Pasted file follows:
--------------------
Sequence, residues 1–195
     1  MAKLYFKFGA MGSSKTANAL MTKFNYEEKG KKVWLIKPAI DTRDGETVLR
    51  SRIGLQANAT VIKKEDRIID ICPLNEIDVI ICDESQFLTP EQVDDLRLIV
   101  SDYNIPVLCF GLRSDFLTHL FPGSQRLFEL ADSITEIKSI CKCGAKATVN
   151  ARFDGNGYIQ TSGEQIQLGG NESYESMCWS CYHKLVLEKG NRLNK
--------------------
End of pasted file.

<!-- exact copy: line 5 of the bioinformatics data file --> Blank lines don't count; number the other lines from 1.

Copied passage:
   151  ARFDGNGYIQ TSGEQIQLGG NESYESMCWS CYHKLVLEKG NRLNK